Methods

This cohort study was conducted at Gandhi Memorial Hospital which is located in the capital city of Ethiopia, Addis Ababa. It is one of the thirteen government hospitals found in Addis Ababa and under the management of Addis Ababa Health Bureau. The Hospital primarily gives services for women and children. A study was conducted from November 2016 to February 2017. A comparison of two proportions with equal sample size formula for the independent cohort was used and by considering the previous study with the incidence of hypotension 40% from preload and 15% from coload group [9] then the final sample size was 96 (48 from each group). The systematic random sampling technique was used for the selection of the study subjects. The preload group used 1000 ml ringer lactate fluid within 10-20 minutes intravenously before spinal anesthesia is given and the coload group 1000 ml ringer lactate solution given within 5 minutes (with large size IV cannula rapidly intravenously) at the same time spinal anesthesia also given. All mothers were given spinal anesthesia in the sitting position plain Lidocaine with 26 gages cutting spinal needle. The questioner was prepared in English which includes socio- demographic data, preoperative Blood Pressure, parity, gestational age, ASA classification, time of fluid administration, the volume of fluid used, total estimated blood loss, type of local anesthesia, baricity, level of a block, used vasopressor, uterine contraction agent, neonatal Weight and APGAR score, the incidence of nausea and vomiting, Heart rate and Blood Pressure. The Blood Pressure was measured within 2 minutes and a 5 minute interval till 60 minutes from the start of spinal anesthesia given. The data collection was undertaken after gotten ethical clearance from the Addis Abbaba university college of health science ethical review committee and permission letter from Gandhi memorial hospital. Written consent from the patients obtained and Confidentiality of the information assured by using code numbers than personal identification names and keeping questionnaires locked.

Data were checked manually for completeness and then entered into EPI info version 7 then finally coded and transferred to SPSS version 20 computer program for cleaning and analysis. Descriptive statistics used to summarize data, tables and figures. Mothers recorded as having hypotension when systolic Blood Pressure recorded less than 100 mmhg during the recording times. The hypotension management depends on the responsible anesthetist that manages the mothers throughout the procedure. The student t-test, chi-square test, or Fisher exact test used for analysis, and p-value less than 0.05 were considered as statistically significant.

Operational definitions

Cesarean section: Is delivery of the fetus along with the placenta and membrane under anesthesia through the incision of the abdominal and intact uterine wall after the fetus reached viability.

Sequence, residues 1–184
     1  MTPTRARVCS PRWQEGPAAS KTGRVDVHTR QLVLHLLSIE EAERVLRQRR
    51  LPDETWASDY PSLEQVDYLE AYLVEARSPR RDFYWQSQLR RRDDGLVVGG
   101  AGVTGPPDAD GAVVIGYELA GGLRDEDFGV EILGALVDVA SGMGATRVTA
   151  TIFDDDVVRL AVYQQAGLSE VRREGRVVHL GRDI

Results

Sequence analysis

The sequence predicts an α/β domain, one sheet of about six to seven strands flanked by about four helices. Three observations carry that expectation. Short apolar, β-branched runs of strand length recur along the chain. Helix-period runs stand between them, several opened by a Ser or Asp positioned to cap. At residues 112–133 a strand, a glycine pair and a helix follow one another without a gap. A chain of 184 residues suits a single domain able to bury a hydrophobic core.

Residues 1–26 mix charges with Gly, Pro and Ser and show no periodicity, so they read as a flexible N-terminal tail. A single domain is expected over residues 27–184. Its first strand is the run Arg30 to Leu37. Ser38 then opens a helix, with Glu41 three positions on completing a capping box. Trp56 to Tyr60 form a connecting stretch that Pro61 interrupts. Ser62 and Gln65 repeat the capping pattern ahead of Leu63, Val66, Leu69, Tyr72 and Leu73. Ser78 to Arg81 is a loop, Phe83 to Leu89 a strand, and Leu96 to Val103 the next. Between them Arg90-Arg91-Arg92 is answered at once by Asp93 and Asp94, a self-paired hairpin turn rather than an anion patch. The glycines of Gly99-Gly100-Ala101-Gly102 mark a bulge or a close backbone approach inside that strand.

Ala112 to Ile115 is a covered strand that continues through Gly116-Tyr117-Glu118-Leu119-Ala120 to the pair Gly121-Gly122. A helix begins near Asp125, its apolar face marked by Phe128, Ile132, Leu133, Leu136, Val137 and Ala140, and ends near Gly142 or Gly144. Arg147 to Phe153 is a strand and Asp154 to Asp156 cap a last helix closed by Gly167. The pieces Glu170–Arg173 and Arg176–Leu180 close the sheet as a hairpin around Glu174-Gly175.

Spinal anesthesia: It is a type of regional anesthesia in which local anesthetic agents are administered in subarachnoid space.

The loading: Giving fluid within 5 minutes while we perform spinal anesthesia at the same time.

Preloading: Administration of fluid for 20 minutes before spinal anesthesia was initiated.

Hypotension: Decrement of systolic Blood Pressure by 20% and above from the baseline or SBP less than 100 mmhg.

Severe hypotension: Systolic hypotension less than 80 mmhg or reduction of 40% and above from the baseline.

Trendelenburg position: The body is laid flat on the back with the feet higher than the head by 15-30 degrees.

Results

A total of 96 mothers who operated upon under spinal anesthesia were included and completed the study. age, HT, baseline systolic BP and heart rate were comparable. From these patients, 48 were given preload and 48 were coloaded. Finally, the groups were compared in the study variables. Total blood loss during the surgery, duration of the surgery, APGAR score, and neonatal wt also comparable in the group (Table 1). All mothers used 40 mg (2 ml of 2%) hyperbaric plain Lidocaine between L3 and L4 interspace in a sitting position by 26 gauge spinal needle. For the level of the sensory block, only 5 mothers from the preload group and 3 mothers from coload groups achieved above T6 and the others below this. All mothers used a 1000 ml ringer lactate solution before spinal anesthesia (preload) and during anesthesia within 5 minutes (coload) intravenously. Used uterogenic agents were Oxytocin (20 IU), Ergometrine (1 mg), and combined form from preload groups 29,7,12 and from coload groups 28,13 and 26 mothers respectively.

Variables Preload group Coload group P-value
Age (year) 30.3 ± 5.2 29.2 ± 5.1 0.3
HT (cm) 160.8 ± 7.7 159 ± 7.4 0.53
Gravidity 1(I-III) I (I-III) 0.4
ASA status II (I-II) II (I-II) 0.2
Systolic BP before anesthesia 129.85 ± 8.7 126 ± 10.2 0.52
HR before anesthesia 86.2 ± 10.8 87 ± 9.9 0.68
Duration of surgery in min <40 min (40-50 min) <40 min (40-60 min) 0.7
Blood loss (ml) 605 ± 72 610 ± 67 0.7
Level of sensory block T10 (T10-T6) T10 (T10-T6) 0.3
APGARscoreat 1 min 8 ± 0.8 8.1 ± 0.8 0.38
APGARscoreat 5 min 9 ± 0.6 8.9 ± 0.7 0.53
Neonatal  WT (kg) 2.96 ± 0.38 2.96 ± 0.23 0.92

Table 1: Demographic data, patient the base line vs. characteristics, duration of surgery, and neonatal conditions in each group Addis Ababa, Gandhi Memorial Hospital Ethiopia, June 2017 (n=48 cohort index and n=48 reference cohort).

Incidence of systolic hypotension among the group

Systolic hypotension has occurred in high number of mothers within the first 30 minutes of both groups. There was a significant difference between the group on the incidence of systolic hypotension from 2 minutes to 30 minutes after spinal anesthesia was administered (Table 2).

Time in minute Preload Coload χ2 RR P value
2 13 6 3.2 1.5 0.07
4 23 9 9.8 1.8 0.002
6 32 16 10.6 2 0.001
8 33 16 12 2.1 0.001
10 32 16 9.8 1.8 0.002
12 24 12 6 1.6 0.01
14 19 12 2.2 1.3 0.1
16 9 6 0.7 1.2 0.3
18 9 6 0.7 1.2 0.3
20 8 6 0.3 1.1 0.3
25 8 6 0.3 1.1 0.3
30 8 6 0.3 1.1 0.3